Source: Olympian, The (WA)
Contact:  Wed, 19 Aug 1998
Author: Walt Bowen (pro) and David Boze (con)


PRO: Initiative 692 goes beyond partisan politics

* HUMANE: The key point is that the initiative would help decrease suffering.

In about 60 days, the voters of the state of Washington can do something to
relieve pain and suffering - they can vote yes in support of the medical
marijuana Initiative 692.  This should not be a left or right issue.  The
pain and suffering from glaucoma, epilepsy, multiple sclerosis, AIDS,
cancer and other illnesses is shared, by all Democrats, Republicans and

Initiative 692 gathered more than 260,000 signatures and is the work of
Dr... Rob Killian, who runs a health clinic in Tacoma.  He sponsored a
similar initiative last year, and only Island County voted for it.  That
initiative was overly broad and would have decriminalized some drugs and
freed some criminals from prison.  The state Senate worked briefly on the
issue this spring, but SB 6271 died, so sponsors had to use the initiative
to get action.

Narrower Focus

The flaws in the last initiative have been corrected.  The new initiative
is modeled after SB 6271 which was sponsored by 6271, which was sponsored
by Sens.  Jeanne Kohl, D-Seattle, and Bob McCaslin, R-Spokane.  Initiative
692 is limited and focuses on medical needs. It allows the medical use of
marijuana for a limited number of specific medical conditions for which
there is. scientific evidence that marijuana works.  Physicians must advise
patients that medical marijuana could be beneficial.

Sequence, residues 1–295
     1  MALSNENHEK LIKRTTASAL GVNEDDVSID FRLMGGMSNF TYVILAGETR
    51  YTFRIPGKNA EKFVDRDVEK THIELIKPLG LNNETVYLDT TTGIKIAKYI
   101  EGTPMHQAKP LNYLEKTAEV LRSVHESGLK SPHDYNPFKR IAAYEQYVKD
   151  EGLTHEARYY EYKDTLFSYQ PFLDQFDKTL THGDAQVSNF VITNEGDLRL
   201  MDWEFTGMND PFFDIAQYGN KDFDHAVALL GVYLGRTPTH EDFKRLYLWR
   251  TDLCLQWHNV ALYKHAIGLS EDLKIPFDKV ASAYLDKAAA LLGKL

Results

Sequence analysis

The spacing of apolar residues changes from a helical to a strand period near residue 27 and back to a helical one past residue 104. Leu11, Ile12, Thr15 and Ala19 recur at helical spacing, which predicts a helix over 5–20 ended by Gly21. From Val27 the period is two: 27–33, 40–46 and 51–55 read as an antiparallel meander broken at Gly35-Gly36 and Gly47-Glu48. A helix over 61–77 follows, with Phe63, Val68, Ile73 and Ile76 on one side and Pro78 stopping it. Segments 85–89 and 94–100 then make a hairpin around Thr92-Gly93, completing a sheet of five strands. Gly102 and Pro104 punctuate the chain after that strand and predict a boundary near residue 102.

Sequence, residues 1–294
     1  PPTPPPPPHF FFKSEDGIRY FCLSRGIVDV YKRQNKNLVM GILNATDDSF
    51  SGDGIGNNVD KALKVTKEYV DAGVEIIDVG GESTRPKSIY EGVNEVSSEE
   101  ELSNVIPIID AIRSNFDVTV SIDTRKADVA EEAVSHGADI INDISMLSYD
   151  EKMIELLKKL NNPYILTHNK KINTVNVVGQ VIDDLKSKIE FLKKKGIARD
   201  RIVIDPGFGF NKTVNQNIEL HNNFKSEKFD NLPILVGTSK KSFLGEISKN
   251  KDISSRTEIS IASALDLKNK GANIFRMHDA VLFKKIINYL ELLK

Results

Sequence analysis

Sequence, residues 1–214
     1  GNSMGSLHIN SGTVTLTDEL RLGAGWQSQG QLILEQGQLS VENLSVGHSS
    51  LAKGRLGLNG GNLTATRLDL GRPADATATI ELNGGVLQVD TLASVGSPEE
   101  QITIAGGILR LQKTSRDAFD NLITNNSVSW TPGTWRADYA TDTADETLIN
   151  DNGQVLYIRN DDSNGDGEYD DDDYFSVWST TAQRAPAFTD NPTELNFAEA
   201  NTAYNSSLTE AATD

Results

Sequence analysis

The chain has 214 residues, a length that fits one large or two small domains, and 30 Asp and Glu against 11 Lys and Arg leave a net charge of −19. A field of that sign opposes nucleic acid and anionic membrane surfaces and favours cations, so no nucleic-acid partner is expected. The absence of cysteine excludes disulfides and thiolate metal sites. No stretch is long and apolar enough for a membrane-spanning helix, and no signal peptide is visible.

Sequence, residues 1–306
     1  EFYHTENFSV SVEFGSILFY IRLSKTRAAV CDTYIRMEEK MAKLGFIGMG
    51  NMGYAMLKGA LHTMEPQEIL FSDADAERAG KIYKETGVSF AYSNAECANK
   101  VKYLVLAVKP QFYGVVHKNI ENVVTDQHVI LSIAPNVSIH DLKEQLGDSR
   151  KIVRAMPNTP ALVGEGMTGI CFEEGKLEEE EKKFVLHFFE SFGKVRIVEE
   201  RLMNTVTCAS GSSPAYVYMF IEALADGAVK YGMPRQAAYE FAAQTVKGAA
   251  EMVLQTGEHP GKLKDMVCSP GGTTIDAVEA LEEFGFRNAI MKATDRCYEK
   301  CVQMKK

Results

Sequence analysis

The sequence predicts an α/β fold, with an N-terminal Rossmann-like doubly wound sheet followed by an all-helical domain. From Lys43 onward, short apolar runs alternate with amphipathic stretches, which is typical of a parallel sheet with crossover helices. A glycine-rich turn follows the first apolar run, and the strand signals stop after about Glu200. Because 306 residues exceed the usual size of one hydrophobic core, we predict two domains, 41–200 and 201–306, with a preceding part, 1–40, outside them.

Other safeguards are built in.  Limits are placed on the amount of
marijuana that a patient can possess.  Parental consent is required for
patients under 18.  It cannot be used at work or while driving. Other drugs
are not impacted nor are laws covering the nonmedical use of marijuana.
Patients with terminal or debilitating illnesses who grow and use marijuana
with the consent of a physician would be protected from prosecution.
Protections also apply to physicians who recommend marijuana and to the
people who act as primary caregivers for patients.

It appears that the use of marijuana as a painkiller has been around for
centuries, but the doctors of 1998 cannot prescribe it. This is in spite of
more than 75 studies and research articles published in peer-reviewed
medical journals that have demonstrated the therapeutic value of marijuana.

High Level Of Support

In 1995, the oldest and largest association of public health professionals
in the world, the American Public Health Association, urged lawmakers to
make marijuana legally available as a therapeutic agent.  In 1990, more
than half of the cancer specialists surveyed said they favor the controlled
medical availability of marijuana. Forty-four percent said they had
suggested obtaining marijuana illegally for a patient at least once.

Polling data show a high level of public support.  Thirty-six states have
passed legislation supporting the therapeutic potential of marijuana.

Speaking in support of the marijuana legislation, Sens. Kohl and McCaslin
said, "As one of us is a Seattle Democrat and the other is a Spokane
Republican, we frequently differ on legislation before the Senate.
However, illness and suffering are not partisan issues.  We are united...."

We should be united in support of this humanitarian Initiative 692.

Walt Bowen is a longtime Thurston County political advocate and former
chairman of the Thurston County Democratic Party.